Frequent vomiting that occurs along with increased appetite and weight loss are strong potential indicators of hyperthyroidism or an overactive thyroid, which is part of the endocrine system. You can also look for symptoms such as irritability, diarrhea, weakness, and excessive thirst. Additionally, your cat's fur may appear as if it's not being groomed as normal.

Hepatic Lipidosis

Although vomiting is not a primary symptom of hepatic lipidosis (commonly known as fatty liver disease), it sometimes presents as a symptom. This disease can be fatal; however, it's often reversible, provided that it's quickly diagnosed and treated.


Although cat caregivers often joke about hairballs, they're really no laughing matter. If hairballs are not vomited up, they may work their way down the intestinal tract and eventually pile up in one place or another. This can cause a sort of fuzzy "logjam" or bowel obstruction that may have to be removed surgically.


If you notice that your cat has vomited on two consecutive days, give your vet a call immediately for guidance. Your veterinarian will likely ask you a few questions that will help determine if it's a medical emergency or something you can observe or treat at home.

The treatment for your cat's vomiting depends on the underlying cause. For instance, treatment for feline irritable bowel disease often includes medication and a limited-ingredient cat food or raw food diet to eliminate food allergies. In the case of kidney failure, your vet may recommend blood pressure medication and increasing fluids. Surgery or anti-thyroid medications may be required to treat hyperthyroidism.

Your vet will guide you through the options and help you make an informed decision based on your cat's specific needs.

How to Prevent Vomiting

You can also take action to help prevent or decrease the frequency of vomiting in your cat:

  • When your cat seems to be devouring its food too quickly, try to slow things down. You can feed smaller meals more frequently or offer the food on a paper plate rather than in a bowl. An automatic feeder may also help.
  • If the cat still vacuums up the food and then throws it up, put an inedible object (e.g., a golf ball) in the bowl. The cat will eat around the object to pick out the food, forcing it to eat more slowly. Be sure that anything you put in your cat's food is clean and large enough so your cat doesn't accidentally swallow it.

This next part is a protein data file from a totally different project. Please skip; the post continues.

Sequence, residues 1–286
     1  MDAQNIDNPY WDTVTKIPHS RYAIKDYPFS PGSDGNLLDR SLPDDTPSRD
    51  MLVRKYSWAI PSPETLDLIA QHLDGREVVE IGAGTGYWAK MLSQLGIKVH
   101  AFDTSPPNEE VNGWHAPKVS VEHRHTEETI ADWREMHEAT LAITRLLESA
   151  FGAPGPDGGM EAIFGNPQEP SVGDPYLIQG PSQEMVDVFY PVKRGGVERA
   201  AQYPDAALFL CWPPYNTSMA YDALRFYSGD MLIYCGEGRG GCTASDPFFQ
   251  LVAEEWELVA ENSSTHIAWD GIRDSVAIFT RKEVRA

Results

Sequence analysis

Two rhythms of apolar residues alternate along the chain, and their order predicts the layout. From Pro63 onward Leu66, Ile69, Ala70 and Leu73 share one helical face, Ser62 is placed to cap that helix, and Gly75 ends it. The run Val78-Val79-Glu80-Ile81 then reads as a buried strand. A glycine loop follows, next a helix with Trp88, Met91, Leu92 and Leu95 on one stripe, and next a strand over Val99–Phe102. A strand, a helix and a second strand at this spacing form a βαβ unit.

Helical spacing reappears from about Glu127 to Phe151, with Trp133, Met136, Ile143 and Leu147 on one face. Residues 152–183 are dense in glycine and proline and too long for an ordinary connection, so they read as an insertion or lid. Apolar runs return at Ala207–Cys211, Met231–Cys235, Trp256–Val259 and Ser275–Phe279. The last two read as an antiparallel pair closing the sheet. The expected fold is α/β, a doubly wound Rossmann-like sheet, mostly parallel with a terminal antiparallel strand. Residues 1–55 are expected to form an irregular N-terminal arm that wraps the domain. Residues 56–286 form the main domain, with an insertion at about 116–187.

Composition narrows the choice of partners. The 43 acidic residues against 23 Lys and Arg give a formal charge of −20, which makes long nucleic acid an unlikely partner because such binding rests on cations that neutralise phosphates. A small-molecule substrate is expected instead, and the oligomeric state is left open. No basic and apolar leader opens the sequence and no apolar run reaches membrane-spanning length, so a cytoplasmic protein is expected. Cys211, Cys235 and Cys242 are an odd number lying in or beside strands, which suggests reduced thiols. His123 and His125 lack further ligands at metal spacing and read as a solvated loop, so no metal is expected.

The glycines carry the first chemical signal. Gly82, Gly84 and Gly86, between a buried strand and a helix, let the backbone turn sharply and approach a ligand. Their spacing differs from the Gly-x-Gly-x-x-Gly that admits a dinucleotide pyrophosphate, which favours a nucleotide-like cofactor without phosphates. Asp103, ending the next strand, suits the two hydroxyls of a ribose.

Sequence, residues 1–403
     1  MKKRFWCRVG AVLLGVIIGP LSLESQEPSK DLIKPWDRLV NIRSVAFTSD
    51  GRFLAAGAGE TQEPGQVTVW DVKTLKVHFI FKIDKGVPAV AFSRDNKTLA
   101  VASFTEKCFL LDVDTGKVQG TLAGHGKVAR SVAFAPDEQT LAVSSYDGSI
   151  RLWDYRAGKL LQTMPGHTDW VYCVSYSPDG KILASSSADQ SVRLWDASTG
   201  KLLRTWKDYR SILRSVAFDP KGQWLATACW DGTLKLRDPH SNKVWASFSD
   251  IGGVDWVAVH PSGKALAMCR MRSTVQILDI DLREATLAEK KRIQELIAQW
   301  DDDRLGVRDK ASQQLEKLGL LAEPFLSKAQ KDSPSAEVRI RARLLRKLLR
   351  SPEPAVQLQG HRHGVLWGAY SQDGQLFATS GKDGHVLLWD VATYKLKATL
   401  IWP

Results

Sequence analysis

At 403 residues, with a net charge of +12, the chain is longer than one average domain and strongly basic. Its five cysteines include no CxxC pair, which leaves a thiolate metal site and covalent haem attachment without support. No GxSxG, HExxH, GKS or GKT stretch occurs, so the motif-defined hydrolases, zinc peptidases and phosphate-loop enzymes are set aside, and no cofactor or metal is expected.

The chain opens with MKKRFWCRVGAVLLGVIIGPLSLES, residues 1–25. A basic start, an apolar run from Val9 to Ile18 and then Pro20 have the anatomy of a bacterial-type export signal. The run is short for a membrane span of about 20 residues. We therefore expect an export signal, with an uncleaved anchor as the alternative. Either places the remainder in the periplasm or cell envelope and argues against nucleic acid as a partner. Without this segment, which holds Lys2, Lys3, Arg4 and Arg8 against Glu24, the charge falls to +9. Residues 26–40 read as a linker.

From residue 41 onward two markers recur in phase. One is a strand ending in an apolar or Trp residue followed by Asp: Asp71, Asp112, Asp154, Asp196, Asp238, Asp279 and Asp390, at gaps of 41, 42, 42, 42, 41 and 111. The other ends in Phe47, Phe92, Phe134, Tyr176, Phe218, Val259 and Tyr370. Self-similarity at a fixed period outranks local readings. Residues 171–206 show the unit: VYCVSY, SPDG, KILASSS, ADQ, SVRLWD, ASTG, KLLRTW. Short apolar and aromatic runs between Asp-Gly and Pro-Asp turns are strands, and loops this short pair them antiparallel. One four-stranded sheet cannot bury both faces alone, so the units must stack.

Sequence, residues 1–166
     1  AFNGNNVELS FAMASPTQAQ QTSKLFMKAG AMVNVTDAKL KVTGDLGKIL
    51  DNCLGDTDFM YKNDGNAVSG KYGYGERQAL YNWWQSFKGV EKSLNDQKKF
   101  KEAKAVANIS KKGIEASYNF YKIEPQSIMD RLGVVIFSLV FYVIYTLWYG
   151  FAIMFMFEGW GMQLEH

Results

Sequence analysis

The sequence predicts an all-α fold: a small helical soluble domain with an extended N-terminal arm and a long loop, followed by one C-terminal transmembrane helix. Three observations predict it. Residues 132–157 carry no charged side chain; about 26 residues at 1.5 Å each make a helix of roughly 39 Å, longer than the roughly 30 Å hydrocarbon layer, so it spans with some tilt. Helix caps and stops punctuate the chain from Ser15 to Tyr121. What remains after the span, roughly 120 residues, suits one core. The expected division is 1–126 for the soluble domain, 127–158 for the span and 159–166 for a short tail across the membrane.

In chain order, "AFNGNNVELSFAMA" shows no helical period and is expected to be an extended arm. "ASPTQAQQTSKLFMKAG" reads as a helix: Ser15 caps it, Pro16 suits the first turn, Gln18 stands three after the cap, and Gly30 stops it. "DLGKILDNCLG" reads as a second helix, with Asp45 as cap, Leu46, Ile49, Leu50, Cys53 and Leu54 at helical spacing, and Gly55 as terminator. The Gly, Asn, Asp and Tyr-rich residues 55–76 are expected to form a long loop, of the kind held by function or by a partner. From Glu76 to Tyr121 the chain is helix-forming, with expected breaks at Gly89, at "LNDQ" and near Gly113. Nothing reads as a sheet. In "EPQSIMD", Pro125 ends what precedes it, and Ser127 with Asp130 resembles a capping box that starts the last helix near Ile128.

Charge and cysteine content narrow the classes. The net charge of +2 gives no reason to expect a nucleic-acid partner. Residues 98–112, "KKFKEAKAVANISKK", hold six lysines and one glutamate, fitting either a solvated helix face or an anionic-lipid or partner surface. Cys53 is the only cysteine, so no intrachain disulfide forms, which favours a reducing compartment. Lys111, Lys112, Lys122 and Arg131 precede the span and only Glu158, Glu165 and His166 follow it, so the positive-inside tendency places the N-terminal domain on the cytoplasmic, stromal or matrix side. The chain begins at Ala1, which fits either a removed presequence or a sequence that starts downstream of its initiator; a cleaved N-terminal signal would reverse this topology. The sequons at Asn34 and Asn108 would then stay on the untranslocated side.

• If you suspect food allergies, it might be time to switch what you're feeding your cat. Look for grain-free cat food and be sure to read the ingredients carefully.
  • Regular veterinary exams are always a good idea. Your vet can often see signs or symptoms of medical conditions in the early stages, which can help with the treatment.
  • To prevent the possibility of poisoning any of your pets, always keep toxic chemicals, medications, and other potentially hazardous items out of your pet's reach. Keep in mind that cats are curious and can get into or jump on things you might not suspect. Make sure there are no antifreeze spills on your garage floor or driveway and try to keep your cat out of the garage, just to be safe. It's also a good idea to pet-proof your home on a regular basis so you don't accidentally miss anything.
  • Regular grooming and discouraging your cat from being obsessive about it can prevent many hairballs. Frequent use of a high-quality cat brush or deshedding tool will go a long way toward preventing a veterinary emergency. You can also try hairball-reducing food that includes more fiber. Mild hairball laxatives are available as well. These are designed to help any hairballs move more smoothly through the digestive tract.
If you suspect your pet is sick, call your vet immediately. For health-related questions, always consult your veterinarian, as they have examined your pet, know the pet's health history, and can make the best recommendations for your pet.